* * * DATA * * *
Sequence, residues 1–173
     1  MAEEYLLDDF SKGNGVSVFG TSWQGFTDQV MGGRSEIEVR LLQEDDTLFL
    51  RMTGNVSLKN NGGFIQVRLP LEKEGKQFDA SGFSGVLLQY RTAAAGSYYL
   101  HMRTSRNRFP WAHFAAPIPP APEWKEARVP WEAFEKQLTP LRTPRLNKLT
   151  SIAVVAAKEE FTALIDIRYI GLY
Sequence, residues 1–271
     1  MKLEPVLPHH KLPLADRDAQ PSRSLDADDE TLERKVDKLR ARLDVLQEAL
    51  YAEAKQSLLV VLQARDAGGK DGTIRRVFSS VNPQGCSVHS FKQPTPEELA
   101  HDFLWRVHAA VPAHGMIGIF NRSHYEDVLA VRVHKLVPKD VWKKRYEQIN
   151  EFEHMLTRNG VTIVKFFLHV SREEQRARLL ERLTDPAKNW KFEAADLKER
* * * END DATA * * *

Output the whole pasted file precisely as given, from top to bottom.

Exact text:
Sequence, residues 1–173
     1  MAEEYLLDDF SKGNGVSVFG TSWQGFTDQV MGGRSEIEVR LLQEDDTLFL
    51  RMTGNVSLKN NGGFIQVRLP LEKEGKQFDA SGFSGVLLQY RTAAAGSYYL
   101  HMRTSRNRFP WAHFAAPIPP APEWKEARVP WEAFEKQLTP LRTPRLNKLT
   151  SIAVVAAKEE FTALIDIRYI GLY
Sequence, residues 1–271
     1  MKLEPVLPHH KLPLADRDAQ PSRSLDADDE TLERKVDKLR ARLDVLQEAL
    51  YAEAKQSLLV VLQARDAGGK DGTIRRVFSS VNPQGCSVHS FKQPTPEELA
   101  HDFLWRVHAA VPAHGMIGIF NRSHYEDVLA VRVHKLVPKD VWKKRYEQIN
   151  EFEHMLTRNG VTIVKFFLHV SREEQRARLL ERLTDPAKNW KFEAADLKER